Left Bank is a beautiful looking, thoughtful and atmospheric film that intrigued me from beginning to end. Pieter Van Hees has clearly been inspired by the work of Roman Polanski, but he uses this influence in surprisingly innovative ways. Left Bank borrows a few ideas from Polanski’s The Tenant (1976), Rosemary’s Baby (1968) and even Repulsion (1965), which were arguably the first “body horror” films, but observant horror fans will also note similarities between British horror classics such as Eye of the Devil (1966)Blood on Satan’s Claw (1971) and The Wicker Man (1973). Like Polanski and David Cronenberg before him, Pieter Von Hees has the uncanny ability to create tension and scares out of minor situations. In turn, Left Bank creeps over viewers and deeply unnerves them instead of bludgeoning them with shocks and gore. The film offers a few surprises for well-versed horror fans and the ending will either impress and enchant you, or leave you shaking your head in disappointment or disbelief. But I believe Left Bank is an important horror film. It’s as important as the highly praised Swedish import Let the Right One In, which also explores similar themes about intimacy, death and isolation in unexpected ways.
The terrific score composed by electronic artist Eavesdropper and cellist Simon Lenski really compliments the movie. Belgium has always been on the forefront of electronic music and I was impressed by the way director Pieter Van Hees used Belgian electronica in his film. Left Bank is also one of the best looking films I’ve seen in recent years. Cinematographer Nicolas Karakatsanis does some remarkable work here that deserves much more praise than it’s received. His camera brilliantly captures the stark and beautiful landscape of Antwerp’s Left Bank, which makes a chilling backdrop for the movie. If the story Left Bank tells seems somewhat familiar, it’s transformed by Karakatsanis camera and Pieter Van Hees’ directing choices into something truly rich and strange.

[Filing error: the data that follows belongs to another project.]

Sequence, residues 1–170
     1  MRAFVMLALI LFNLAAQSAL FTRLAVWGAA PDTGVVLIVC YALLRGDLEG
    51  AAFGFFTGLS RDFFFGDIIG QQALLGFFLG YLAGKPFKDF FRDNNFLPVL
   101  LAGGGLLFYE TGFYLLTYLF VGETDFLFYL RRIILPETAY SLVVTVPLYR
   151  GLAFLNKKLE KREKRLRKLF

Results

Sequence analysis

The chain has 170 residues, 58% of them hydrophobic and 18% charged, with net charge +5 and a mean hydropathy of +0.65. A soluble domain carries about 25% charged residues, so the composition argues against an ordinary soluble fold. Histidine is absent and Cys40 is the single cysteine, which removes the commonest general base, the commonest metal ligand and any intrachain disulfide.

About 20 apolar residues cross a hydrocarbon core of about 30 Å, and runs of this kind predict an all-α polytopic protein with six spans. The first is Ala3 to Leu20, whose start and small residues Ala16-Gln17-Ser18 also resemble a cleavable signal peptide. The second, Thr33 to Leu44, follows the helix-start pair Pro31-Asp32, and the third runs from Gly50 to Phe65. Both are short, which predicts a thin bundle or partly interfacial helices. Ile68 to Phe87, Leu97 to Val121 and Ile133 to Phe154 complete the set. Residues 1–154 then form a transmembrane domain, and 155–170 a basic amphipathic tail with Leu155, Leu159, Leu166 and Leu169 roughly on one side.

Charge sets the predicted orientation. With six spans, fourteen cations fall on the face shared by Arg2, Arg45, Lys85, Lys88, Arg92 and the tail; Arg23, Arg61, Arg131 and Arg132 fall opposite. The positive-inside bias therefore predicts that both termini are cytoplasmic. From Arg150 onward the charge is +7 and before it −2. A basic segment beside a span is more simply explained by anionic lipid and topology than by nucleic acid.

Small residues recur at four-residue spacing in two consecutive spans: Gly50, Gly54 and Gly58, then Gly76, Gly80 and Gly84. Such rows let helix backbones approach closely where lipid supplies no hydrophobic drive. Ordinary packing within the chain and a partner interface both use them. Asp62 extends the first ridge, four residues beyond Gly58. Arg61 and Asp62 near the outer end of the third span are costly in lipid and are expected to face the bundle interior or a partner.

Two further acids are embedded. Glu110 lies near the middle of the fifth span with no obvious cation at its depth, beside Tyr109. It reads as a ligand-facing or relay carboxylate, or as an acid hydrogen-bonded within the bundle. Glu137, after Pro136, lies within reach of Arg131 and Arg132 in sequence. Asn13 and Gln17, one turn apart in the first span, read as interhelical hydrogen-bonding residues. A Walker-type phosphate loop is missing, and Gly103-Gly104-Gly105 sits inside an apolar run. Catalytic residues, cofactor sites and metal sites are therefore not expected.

I especially enjoyed the way Pieter Van Hees incorporated old photos and archival films into his own movie. It cleverly added to the overall sense of ancient dread that Hess was trying to invoke. It also gave the underlying story about pagan cults and rituals an authenticity that I appreciated. These kind of creative choices make Left Bank stand out among similar efforts. Von Hees also proves that he knows how to get good performances from his actors.
Belgian born actresss Eline Kuppens is really remarkable in the role of Marie and it’s hard to believe that Left Bank is her first full-length feature film. She has a natural earthy beauty and winning smile, but she’s also a fearless actress who gives 100% to her role. Her lovemaking scenes with Matthias Schoenaerts are incredibly honest and unlike countless other horror protagonists, Kuppens doesn’t sacrifice her brains or her emotions as she navigates through the various horrors that plague her character throughout the course of the film. I hope we’ll be seeing a lot more of Eline Kuppens in the future.
According to the movie’s official website, Left Bank is the first film in a trilogy that director Pieter Van Hees is planning called “Anatomy of Love and Death” which promises to “dissect love in all its aspects.” I eagerly await part two because if it’s anything like Left Bank, film audiences are in for a real treat.
Unfortunately Left Bank isn’t available on DVD in the US yet (Update: There is a subtitled widescreen PAL Region 2 DVD available at Amazon for those who have access to an all-region DVD player), but I believe the distribution rights are owned by IFC Films and I hope they make the film available soon so more people can enjoy it. It’s definitely one of the best horror films I’ve seen in the past 10 years and it deserves a wider audience as well as more critical attention than it’s received.